The tendons behind the outside bone of the ankle, also called the peroneal tendons, allow the foot to move outwards. These tendons balance the ankle and prevent the foot from constantly turning inwards. Because they are slightly weaker than the tendons on the inside of the ankle, they are prone to injury when the ankle is sprained.
When the tendons are torn, you will usually have swelling and intense pain, and the outside of the ankle feels unstable. Once the tendons pop out of their supporting ligaments, recurrent dislocation and tearing is almost certain to occur. To prevent future tearing, these ankle tendons must be repaired.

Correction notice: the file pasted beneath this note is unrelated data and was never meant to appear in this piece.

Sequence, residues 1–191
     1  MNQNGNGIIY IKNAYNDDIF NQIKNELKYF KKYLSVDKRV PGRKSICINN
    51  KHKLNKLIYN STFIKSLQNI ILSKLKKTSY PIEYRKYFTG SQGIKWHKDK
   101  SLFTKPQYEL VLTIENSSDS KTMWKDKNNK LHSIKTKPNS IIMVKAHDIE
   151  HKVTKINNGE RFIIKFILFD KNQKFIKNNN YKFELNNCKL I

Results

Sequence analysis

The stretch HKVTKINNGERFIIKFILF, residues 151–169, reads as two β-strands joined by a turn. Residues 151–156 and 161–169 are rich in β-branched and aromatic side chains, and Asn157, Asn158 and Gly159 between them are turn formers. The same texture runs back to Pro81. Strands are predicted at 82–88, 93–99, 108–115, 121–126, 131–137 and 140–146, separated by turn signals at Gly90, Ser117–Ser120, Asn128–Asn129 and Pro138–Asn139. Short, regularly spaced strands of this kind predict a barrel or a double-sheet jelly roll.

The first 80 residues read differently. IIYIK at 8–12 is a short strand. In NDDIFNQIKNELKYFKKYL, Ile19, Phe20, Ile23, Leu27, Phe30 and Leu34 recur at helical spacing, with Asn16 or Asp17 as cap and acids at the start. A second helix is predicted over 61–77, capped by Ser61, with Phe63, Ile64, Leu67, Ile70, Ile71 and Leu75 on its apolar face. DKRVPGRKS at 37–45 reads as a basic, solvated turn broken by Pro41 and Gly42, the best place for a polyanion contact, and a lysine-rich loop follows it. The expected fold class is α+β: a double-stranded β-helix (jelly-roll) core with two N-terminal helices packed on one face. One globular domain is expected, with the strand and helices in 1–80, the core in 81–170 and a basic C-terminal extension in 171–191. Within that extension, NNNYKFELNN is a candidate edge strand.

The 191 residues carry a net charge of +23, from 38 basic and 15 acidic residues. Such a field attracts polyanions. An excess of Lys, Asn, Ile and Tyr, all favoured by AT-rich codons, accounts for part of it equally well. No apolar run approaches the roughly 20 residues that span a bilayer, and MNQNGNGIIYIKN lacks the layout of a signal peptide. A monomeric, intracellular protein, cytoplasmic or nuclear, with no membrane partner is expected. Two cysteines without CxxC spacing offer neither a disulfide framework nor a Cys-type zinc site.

A thorough physical examination by the physician is usually enough to diagnose a tendon dislocation or tear, although your doctor may recommend an MRI so he or she can visualize the extent of the tear.
When the peroneal tendons are torn, your doctor may recommend ankle tendon reconstruction surgery to repair them. For less severe tears, suturing may suffice. If you have an acute tear, your doctor will use tendon tissue grafts, taken either from elsewhere in the leg or from a tissue bank.